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He said “bruja” and she tended the kindling.
She heard love. He said women are sulfur, she offered
her teeth. He said itch, and you have good nails.
Said he was a forest fire. She heard ocean.
Heard troubadour. He said he could dance.
She purchased new shoes. He said pearl,
she prepared oysters. He said anchor, she bought a boat.
Said olive, she made of her arm a branch.
He said secret, she kept it. He said harlot, she spat.
Said hungry, she bought the bistro. He said tequila,
she gave him a grove of lime trees. The sea.
Said veal, she brought a field of pregnant cows.
He said loyal. She carved his name in her thigh.
Said open, she cut off her legs. Said kiss, she mailed her lips.
He said that one. And that one, too.
She delivered pipe bombs to their stoops. He said shank,
she carried the gaping bodies. He said she said
and though she never said it, she nodded.
He said Everything I’ve said to you is true. She knelt
at his feet. He said It is you who are the liar.
She put a shotgun in her mouth.
Jeanann Verlee, “The Believer” (via fleurishes)
On your first date, do not hand him your vagina, polished and thirsty.
Do not allow him to rub your back or your shoulders.
Do not overdrink.
When he offers to come home with you, do not think of your ex-lover’s chest.
How it peeked from behind the open neck of a pressed J. Crew buttondown.
How you still masturbate to this.
Over dessert, do not think how smooth this man’s thighs will be.
Do not think how lovely their dark will lay against your sheets.
Do not ask to touch during sleep, it smells like love
and you have a suitcase to unpack.
You have laundry and dishes and a dog to walk. You are busy. Stay busy.
Don’t muddy your days with honey whiskey.
When the boy at the club buys you a beer, yanks you hard
from your disappearing waist, remember you owe no one.
Even if he is all your favorite music.
Keep your tongue inside your mouth.
Stop his wandering hand even if it’s the only thing good in New York City tonight.
Say no. When your boss suggests you meet Nate from Accounting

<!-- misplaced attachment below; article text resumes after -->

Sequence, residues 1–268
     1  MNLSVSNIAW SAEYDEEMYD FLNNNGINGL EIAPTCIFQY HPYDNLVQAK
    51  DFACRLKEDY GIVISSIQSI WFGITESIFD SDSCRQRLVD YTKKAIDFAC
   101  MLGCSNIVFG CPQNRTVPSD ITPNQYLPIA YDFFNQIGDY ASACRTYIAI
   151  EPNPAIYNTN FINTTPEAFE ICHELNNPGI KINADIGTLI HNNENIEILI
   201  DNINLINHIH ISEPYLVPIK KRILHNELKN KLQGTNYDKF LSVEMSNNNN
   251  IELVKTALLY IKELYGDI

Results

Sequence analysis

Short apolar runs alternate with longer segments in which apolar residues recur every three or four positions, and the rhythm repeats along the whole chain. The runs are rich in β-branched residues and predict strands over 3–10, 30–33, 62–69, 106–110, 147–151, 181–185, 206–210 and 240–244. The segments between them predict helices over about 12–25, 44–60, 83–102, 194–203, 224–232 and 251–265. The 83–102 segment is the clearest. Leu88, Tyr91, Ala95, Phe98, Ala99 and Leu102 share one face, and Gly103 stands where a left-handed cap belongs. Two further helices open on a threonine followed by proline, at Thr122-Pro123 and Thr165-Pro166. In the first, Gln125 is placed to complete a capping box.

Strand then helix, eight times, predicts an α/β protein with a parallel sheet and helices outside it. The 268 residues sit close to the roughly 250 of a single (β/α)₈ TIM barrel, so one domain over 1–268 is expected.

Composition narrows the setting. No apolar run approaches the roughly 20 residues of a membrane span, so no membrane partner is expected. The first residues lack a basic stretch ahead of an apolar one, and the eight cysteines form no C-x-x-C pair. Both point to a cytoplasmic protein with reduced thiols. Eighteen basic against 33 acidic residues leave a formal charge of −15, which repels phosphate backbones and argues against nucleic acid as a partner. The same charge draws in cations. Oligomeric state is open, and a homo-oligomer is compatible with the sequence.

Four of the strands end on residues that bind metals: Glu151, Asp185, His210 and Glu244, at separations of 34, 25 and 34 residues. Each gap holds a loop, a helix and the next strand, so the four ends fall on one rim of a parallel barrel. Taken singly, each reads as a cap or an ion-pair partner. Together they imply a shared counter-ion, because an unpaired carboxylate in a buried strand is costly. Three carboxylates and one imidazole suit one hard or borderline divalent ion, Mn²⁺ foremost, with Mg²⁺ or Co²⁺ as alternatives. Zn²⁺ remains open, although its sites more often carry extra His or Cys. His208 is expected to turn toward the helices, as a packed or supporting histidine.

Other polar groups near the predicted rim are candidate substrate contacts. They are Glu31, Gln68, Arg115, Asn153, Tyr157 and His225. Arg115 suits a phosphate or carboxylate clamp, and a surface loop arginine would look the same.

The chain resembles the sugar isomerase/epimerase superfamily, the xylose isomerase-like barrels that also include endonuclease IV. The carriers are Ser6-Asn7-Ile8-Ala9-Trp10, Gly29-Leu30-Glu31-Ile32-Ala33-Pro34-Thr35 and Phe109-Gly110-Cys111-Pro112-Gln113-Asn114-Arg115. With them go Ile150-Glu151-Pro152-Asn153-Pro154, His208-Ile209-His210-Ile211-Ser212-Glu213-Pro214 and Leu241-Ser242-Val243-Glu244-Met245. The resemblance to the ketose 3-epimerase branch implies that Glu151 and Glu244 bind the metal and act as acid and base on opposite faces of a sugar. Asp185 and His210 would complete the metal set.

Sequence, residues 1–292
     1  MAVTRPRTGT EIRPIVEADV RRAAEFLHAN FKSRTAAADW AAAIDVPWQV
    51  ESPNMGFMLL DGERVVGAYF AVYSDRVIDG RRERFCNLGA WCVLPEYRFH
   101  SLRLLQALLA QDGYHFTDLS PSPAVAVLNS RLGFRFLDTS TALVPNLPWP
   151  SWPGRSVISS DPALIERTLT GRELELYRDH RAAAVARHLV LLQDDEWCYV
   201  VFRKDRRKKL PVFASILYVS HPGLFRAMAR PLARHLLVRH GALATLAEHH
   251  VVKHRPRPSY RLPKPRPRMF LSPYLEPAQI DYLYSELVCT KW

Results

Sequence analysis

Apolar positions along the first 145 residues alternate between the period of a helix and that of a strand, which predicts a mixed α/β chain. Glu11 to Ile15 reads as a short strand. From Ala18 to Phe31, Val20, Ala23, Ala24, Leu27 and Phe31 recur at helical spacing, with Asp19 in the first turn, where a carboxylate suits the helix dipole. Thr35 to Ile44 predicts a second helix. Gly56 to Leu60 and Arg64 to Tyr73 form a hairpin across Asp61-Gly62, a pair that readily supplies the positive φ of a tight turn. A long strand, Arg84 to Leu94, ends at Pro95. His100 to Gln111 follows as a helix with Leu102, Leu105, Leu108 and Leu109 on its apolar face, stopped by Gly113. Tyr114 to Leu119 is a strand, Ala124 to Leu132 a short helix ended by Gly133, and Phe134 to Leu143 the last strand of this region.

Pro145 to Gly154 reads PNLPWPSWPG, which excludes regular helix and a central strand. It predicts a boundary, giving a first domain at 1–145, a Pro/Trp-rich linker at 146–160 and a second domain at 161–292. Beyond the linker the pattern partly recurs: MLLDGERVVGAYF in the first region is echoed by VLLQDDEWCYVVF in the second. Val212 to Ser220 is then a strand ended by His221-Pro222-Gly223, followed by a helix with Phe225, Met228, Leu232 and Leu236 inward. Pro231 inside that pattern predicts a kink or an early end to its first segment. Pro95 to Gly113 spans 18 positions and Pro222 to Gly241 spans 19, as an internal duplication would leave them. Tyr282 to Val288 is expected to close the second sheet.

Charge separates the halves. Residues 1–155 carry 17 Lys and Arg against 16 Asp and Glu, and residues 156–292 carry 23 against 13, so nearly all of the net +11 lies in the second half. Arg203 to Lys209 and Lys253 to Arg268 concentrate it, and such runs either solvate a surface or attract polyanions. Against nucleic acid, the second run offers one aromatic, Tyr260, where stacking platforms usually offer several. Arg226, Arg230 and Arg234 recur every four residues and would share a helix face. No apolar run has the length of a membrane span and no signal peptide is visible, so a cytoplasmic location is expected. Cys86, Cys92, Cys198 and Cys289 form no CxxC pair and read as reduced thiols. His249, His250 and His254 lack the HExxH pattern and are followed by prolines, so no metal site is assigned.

who is recently divorced, say no. Say bones break. Say love is expensive.
Remind him you have a dog and no time. You’re busy.
When a friend explains, women have children at 45 these days, girl,
you’re good, smile. She is lying.
Press her rosewater skin under your nose. Press hard.
Pretend it is the skin of a newborn. Steal this moment. She won’t mind.
When Friday finally arrives and your friends leave early, let them go.
Keep your tab open. The bar has been your longest friend.
Churns out warm bodies like a factory.
When the bar closes, remember you are busy. It’s time to walk the dog.
When you dress for your first date in two years, don’t call it date. Call it friend.
Do not let him pay. Share a bottle of your favorite wine, you deserve this.
When the wine makes words slippery as butter, tell him everything you shouldn’t.
Your diagnoses, how you have no insurance.
Count for him all the men you used to escape your husband.
The time you almost got a boyfriend arrested on West 4th Street.
The tryst with a colleague. Describe the miscarriage at 13. Abortion at 25.
The train engineer you fucked in Penn Station, how his son had Leukemia.
Tell how you waited six hours at a roof party
in Brooklyn one summer just to take the drummer home.
How you ran into that drummer weeks later and couldn’t recall his name.
Carefully detail your unending appetite for drink/fuck/fight,
everything nasty you keep under your skin. Do it precise. Calm.
When he runs from this quiet grenade, find the bar.
Tell yourself you did it for his sake. Besides, you’re busy.
Smoke another cigarette. Take another honey whiskey. Let it curdle your face.
You haven’t been beautiful in years.

Jeanann Verlee, Lessons in Alone (via grammatolatry)

originally appeared at The Nervous Breakdown (

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